Give Agents the Tools to Prioritize Clients

By leveraging technology, one Portland, Ore.–based brokerage is freeing up agents’ time so they can focus on building relationships with customers.

September 16, 2015

Broker to Broker hears from Kelly Yock, president, and Steve Nassar, vice president of sales and marketing, at Premiere Property Group in Portland, Ore., in part three of a four-part series on how to build a client-centric culture.

As leaders of the second largest real estate company in the Portland, Ore., area, Kelly Yock  and Steve Nassar operate on the belief that the support and services they provide to their agents will translate into top-notch service for their clients.


Yock and Nassar continue to sell, which gives them first-hand knowledge of today’s client needs. They also understand that by making business more efficient, agents will have more time to fulfill to those client needs. By supporting agents, their company culture puts clients first, Yock and Nassar say.


“We’re trying to partner with our [agents] in everything we can do,” Yock (pictured, left) says. “We are examples of what we want them to be.”

Primarily, Yock and Nassar try to put time and money back in agents’ hands through shared services, low desk fees, and efficient technologies that coordinate, produce, and deliver state-of-the-art marketing materials. These services trickle down to the client in the form of agents’ time and attention, as well as first-class marketing materials.


“By creating efficiencies, you’re giving [agents] their most valuable asset, which is their time to engage with clients and time in their personal life,” Nassar (pictured, left) says. Time is an investment that pays off for the company as well, Nassar says, by creating happy agents and happy clients alike.


Paramount to Premiere’s success, Nassar says, is an in-house, web-based, all-inclusive marketing portal. Once agents take on a new listing, they can order comprehensive marketing materials that are coordinated and delivered through Premiere’s system with just a few clicks.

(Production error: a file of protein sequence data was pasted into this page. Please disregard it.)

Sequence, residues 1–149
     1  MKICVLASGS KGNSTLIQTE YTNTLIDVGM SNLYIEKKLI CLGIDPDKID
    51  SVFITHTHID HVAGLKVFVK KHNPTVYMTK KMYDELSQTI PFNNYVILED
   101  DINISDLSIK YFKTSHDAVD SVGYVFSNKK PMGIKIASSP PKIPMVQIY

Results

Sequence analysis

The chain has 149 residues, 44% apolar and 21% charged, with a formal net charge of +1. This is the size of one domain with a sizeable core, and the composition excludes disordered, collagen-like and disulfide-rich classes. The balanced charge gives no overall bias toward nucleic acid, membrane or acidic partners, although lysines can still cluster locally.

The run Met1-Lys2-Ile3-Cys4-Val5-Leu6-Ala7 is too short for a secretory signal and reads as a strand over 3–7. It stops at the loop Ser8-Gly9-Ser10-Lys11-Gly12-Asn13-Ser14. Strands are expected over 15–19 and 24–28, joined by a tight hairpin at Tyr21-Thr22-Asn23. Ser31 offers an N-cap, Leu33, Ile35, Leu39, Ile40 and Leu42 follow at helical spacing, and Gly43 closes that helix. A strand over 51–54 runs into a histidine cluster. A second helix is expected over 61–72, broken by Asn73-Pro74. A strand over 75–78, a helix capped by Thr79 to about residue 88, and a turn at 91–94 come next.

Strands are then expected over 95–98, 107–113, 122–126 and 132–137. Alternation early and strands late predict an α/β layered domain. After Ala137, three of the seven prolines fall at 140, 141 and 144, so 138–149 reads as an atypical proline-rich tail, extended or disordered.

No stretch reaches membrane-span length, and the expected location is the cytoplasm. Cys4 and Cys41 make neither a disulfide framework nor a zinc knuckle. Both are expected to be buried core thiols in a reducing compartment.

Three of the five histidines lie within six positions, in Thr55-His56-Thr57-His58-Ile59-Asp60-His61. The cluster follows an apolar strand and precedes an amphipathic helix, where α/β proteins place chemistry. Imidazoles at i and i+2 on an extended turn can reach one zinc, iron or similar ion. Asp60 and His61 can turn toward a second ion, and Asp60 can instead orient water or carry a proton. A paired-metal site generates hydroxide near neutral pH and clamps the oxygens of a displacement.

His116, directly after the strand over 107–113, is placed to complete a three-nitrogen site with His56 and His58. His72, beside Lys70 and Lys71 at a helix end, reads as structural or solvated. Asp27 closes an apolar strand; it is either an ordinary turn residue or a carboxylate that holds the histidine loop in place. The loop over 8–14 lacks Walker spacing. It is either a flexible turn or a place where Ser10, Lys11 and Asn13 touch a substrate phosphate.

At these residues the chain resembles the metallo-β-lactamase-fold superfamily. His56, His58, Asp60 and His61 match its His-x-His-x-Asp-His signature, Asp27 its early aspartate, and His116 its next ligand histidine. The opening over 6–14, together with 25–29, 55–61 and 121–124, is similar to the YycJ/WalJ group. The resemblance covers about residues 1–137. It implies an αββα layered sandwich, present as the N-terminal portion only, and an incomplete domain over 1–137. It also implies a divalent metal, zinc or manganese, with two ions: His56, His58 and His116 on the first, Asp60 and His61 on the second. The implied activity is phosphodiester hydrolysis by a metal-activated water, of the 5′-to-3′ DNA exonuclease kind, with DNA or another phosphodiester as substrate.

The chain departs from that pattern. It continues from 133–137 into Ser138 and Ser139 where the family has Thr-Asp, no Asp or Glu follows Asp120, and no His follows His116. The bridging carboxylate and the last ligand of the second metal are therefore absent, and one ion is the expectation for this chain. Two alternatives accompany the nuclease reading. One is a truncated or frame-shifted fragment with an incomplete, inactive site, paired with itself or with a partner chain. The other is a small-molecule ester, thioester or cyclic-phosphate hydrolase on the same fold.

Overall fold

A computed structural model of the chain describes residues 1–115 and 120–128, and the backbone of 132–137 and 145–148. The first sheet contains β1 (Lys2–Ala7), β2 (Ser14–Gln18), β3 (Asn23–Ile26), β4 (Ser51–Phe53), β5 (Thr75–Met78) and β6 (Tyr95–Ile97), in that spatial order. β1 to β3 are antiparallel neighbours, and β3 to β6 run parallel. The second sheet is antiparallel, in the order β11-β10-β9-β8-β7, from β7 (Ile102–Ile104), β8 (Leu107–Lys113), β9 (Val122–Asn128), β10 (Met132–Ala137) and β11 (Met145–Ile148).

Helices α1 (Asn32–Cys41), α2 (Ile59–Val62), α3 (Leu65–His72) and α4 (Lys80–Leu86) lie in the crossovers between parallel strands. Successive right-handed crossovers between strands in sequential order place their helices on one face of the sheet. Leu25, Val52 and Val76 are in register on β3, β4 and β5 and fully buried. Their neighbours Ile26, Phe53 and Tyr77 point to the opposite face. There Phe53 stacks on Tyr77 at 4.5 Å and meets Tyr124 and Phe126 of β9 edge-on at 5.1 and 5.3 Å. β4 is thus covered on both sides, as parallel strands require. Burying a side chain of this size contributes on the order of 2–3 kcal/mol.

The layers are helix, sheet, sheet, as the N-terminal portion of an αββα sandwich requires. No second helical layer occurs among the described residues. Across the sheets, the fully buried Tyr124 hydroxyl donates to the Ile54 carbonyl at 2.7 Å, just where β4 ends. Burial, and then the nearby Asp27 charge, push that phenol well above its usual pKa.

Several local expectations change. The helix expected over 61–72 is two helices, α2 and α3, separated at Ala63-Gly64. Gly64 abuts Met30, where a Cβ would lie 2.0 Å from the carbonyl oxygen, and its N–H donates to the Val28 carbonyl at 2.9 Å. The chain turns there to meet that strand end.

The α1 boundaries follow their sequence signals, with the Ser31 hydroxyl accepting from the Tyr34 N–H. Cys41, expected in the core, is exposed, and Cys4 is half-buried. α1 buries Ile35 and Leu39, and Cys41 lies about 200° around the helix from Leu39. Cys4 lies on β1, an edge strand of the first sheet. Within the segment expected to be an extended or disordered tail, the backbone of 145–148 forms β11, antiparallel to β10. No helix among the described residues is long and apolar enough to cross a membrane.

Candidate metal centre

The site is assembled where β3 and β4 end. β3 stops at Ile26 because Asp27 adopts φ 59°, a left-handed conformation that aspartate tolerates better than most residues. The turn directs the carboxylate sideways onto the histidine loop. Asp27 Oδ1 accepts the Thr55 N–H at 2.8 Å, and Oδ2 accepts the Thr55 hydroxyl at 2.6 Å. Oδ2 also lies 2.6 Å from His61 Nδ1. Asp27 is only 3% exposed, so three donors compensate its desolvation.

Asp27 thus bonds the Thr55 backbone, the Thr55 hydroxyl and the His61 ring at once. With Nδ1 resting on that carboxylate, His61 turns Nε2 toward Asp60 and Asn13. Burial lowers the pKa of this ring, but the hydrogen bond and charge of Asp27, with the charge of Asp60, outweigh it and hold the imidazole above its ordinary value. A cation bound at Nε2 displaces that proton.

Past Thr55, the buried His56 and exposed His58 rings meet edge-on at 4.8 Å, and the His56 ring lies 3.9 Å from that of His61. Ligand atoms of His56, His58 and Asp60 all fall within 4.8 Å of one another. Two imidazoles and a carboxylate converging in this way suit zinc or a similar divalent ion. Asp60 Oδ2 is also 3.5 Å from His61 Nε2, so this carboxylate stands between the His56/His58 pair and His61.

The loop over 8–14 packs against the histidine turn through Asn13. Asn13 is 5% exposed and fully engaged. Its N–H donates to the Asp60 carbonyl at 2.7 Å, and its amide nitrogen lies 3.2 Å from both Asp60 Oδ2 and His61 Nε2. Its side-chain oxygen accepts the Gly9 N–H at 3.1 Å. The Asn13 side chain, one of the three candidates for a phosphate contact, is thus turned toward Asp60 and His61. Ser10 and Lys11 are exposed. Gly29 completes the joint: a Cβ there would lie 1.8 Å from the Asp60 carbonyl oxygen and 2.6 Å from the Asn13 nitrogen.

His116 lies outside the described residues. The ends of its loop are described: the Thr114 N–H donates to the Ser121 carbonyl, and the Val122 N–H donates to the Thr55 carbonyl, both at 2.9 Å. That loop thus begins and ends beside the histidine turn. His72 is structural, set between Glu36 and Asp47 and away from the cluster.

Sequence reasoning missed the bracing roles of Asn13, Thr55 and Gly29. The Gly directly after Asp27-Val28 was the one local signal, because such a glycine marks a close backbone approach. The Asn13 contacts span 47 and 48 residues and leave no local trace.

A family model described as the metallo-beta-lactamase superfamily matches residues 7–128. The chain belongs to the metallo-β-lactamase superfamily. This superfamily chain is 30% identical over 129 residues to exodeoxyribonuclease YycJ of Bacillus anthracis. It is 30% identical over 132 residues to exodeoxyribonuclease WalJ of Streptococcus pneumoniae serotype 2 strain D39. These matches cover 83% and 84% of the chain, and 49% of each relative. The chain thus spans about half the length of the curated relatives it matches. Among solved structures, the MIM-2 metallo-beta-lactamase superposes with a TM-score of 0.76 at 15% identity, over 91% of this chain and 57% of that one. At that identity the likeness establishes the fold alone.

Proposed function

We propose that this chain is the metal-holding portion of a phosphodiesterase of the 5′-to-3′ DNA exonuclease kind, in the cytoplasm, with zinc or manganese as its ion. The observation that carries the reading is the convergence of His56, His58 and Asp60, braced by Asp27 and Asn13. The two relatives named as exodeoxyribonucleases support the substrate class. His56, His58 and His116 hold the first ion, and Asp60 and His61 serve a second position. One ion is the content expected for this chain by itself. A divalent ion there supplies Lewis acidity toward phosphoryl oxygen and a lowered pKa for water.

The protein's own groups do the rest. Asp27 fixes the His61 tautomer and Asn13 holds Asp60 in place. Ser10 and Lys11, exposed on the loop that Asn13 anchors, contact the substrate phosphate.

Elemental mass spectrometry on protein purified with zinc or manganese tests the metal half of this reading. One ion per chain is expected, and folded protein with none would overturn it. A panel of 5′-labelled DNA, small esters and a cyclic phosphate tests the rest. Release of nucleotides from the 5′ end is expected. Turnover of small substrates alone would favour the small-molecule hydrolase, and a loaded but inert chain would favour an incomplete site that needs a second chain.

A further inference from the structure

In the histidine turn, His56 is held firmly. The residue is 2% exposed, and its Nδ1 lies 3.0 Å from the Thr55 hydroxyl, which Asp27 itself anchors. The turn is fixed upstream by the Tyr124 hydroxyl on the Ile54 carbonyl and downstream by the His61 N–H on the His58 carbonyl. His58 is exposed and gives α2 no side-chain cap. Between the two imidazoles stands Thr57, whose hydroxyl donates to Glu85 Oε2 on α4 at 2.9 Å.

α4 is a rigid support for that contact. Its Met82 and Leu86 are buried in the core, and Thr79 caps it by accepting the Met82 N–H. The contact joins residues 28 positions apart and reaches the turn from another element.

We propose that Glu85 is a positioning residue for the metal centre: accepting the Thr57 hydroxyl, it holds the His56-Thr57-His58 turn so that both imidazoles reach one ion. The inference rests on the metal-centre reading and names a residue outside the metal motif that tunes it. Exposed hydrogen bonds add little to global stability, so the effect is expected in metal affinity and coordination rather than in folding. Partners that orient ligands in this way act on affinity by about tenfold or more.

Through the portal request system, agents can order video — which includes voiceovers by a former broadcast reporter — and photography for their listings, 3-D virtual tours, individual property websites, and marketing materials with custom URLs and QR codes linking to a custom individual property website. Premiere’s individual property websites allow for more photography and detail than a typical MLS listing, but both benefit from cross-linking between the two locations. Agents pay about $1,000 to access to the portal-requested marketing materials, but are billed after the agent receives their first commission check, or after six months.

“We create really tightly knit marketing presentations that are phenomenal and get results,” says Nassar, adding that video has become essential in the increasing market for sight-unseen purchases in the Pacific Northwest. “Sellers want to list with [our agents], and buyers eat it up.”


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Beth Shea Palmer is a Hawaii-based freelance writer with nine years of experience reporting and editing for the Chicago Tribune, AOL, Advertising Age, and other publications. Connect with Beth at